How to self-publish your autobiographyOct 26, 2020 12:31PM ● By Debra Dobbins
Fruita veteran Bill Chinn shares details from his amazing life
Writing one’s autobiography can be time-consuming and taxing, but it’s a labor of love and a precious gift to family members.
Bill Chinn spent 18 months writing his autobiography at the request of his daughter.
“After my mother and sister died, I realized that there were few, if any, family members alive who could tell the history of our family, so I urged my dad to write it all down,” said Chinn’s daughter, Diana Cato, 69.
Once he finished the manuscript, Diana spent an additional six months inserting family photographs, binding the manuscript and giving it a professional polish. Now, Chinn looks back with pride at this 132-page collection of family history he titled “Bits and Pieces of my Life.”
The process took two years, but it will last for generations to come.
Now 95, Chinn is a self-published author. He is also an ex-Navy man with a subsequent career in the Atomic Energy Commission (AEC) that spanned more than 25 years.
A man who’s seen it all
Chinn’s autobiography contains plenty of humor, like his being ordered to be the lookout as his father made moonshine. Or the time he really wanted to kiss a girl, only to find she chewed tobacco. That put an end to that.
Like many kids in the Great Depression, Chinn had a hardscrabble life growing up outside of Fruita. In high school, he played football for a while but had to quit when he could not afford properly fitting shoes. In fact, he didn’t have a proper pair of footwear until he left high school to join the Navy.
“It was the first time in my life that I had shoes that did not hurt my feet,” Chinn wrote.
Chinn served on three Navy destroyers. One of them was the USS McCord, which is believed to have destroyed an enemy submarine and severely damaged others with depth charges.
After the war, Chinn found true love in Wanita Webb. They were married in 1946 and eventually had two daughters, Karen and Diana.
About a year later he accepted a job with the AEC and reported to Albuquerque, New Mexico, for training and eventual Protective Force assignment to Los Alamos, New Mexico.
“At this time the AEC was in the process of transforming the Manhattan Project from military to civilian control as directed by the Atomic Energy Act—a very interesting period in atomic weapon history,” Chinn said.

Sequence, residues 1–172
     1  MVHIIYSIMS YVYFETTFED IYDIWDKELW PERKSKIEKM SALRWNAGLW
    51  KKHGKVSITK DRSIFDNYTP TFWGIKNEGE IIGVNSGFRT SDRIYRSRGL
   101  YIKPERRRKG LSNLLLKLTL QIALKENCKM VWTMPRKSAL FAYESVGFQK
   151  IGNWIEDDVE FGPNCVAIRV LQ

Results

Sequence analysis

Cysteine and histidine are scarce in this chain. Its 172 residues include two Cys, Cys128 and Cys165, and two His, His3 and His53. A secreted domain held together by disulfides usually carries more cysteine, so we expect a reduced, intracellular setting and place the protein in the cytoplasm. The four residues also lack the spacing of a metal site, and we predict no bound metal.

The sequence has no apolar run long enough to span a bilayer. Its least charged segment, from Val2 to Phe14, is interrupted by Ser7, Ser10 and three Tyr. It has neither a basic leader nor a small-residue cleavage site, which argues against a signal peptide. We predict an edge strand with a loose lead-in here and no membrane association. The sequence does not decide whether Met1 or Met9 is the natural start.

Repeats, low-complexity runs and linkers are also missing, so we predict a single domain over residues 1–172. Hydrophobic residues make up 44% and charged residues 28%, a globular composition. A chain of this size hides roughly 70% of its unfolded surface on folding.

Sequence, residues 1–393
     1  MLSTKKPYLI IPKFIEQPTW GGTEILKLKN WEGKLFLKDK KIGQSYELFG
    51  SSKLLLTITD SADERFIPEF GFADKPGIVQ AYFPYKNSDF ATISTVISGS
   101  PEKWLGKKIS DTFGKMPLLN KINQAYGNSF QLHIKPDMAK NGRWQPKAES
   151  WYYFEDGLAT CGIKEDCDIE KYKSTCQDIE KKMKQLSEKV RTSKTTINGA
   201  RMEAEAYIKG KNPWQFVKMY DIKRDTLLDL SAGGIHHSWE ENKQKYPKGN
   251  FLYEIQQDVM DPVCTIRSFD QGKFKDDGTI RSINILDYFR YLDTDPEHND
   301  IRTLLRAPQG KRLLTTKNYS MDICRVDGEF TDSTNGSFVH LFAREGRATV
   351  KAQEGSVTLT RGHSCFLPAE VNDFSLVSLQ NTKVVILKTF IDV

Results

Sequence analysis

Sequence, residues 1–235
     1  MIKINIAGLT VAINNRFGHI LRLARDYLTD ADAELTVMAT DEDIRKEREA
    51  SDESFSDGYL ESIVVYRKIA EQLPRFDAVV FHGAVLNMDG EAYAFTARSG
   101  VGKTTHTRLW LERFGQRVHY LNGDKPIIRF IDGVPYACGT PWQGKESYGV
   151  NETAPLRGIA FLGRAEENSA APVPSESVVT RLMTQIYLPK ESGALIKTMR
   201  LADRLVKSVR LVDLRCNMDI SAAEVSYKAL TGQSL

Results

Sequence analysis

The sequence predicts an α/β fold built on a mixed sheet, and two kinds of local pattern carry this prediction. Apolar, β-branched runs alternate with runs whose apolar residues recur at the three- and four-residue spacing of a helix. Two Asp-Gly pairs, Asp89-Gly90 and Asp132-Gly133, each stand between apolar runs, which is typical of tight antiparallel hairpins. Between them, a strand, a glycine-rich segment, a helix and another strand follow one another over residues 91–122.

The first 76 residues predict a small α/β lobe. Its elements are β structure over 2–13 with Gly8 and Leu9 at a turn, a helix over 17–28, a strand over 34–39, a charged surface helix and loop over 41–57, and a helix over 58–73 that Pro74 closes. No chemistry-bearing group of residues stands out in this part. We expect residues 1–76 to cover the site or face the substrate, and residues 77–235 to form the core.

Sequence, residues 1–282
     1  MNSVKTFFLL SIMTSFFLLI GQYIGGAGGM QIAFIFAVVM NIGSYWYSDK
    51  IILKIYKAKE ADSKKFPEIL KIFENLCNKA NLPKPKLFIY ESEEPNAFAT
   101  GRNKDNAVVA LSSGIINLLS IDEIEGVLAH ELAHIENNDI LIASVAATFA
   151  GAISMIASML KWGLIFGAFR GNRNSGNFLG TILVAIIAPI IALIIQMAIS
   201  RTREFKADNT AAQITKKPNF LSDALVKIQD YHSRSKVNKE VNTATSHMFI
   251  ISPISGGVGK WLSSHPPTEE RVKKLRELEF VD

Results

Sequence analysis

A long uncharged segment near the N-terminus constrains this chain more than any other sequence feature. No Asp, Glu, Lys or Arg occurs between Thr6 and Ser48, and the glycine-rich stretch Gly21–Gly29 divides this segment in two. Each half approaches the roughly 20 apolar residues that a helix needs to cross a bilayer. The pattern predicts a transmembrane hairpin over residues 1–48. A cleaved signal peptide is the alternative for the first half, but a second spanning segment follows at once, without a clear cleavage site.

Being on Protective Force meant that he frequently acted as a courier for extremely sensitive and classified documents for the AEC.
“The early days were shrouded in secrecy. Sometimes our families didn’t know where we were,” Chinn recalled. “It was an interesting and sometimes dangerous three years of my life.”
After accepting early retirement from the AEC, Chinn sold insurance for a while before becoming a quality control manager. Wanita and he later escorted tour groups around the U.S. Through their professional and personal travels, the couple saw much of the lower 48 states, as well as Hawaii.
In later years, Chinn finally got to wear a cap and gown when he took part in the Operation Recognition program, which honored veterans who were away at war when their high school class graduated. He “walked” with the Fruita Monument High School class of 2006.
Chinn now spends much of his time painting and making jewelry. His love of the arts dates back decades. He is a member of the Brush & Palette Club and has exhibited many of his paintings throughout the years.
Writing it down
Chinn offered these tips on how to get started with compiling your autobiography:
• The public library has many books with detailed instructions.
• Find a good time of day to write without distractions. It could be early in the morning before everyone else gets up or mid-afternoon when folks are napping or running errands.
• It doesn’t have to be in chronological order, i.e. birth to death.
• Don’t assign a title until the piece is completed.
• The more pictures and illustrations, the better.
• Stay on topic. This is your story; don’t get too involved with auxiliary characters.
• Don’t be picky about the events you include. If you think it’s interesting or important to your story, include it. Just be careful to avoid the mundane.
• Don’t expect perfection in your first draft. Just get your ideas down. You can always reread later and polish up your prose.
Soon you’ll be immersed in your memories and producing a document that, like Chinn’s, will be a family treasure for generations to come.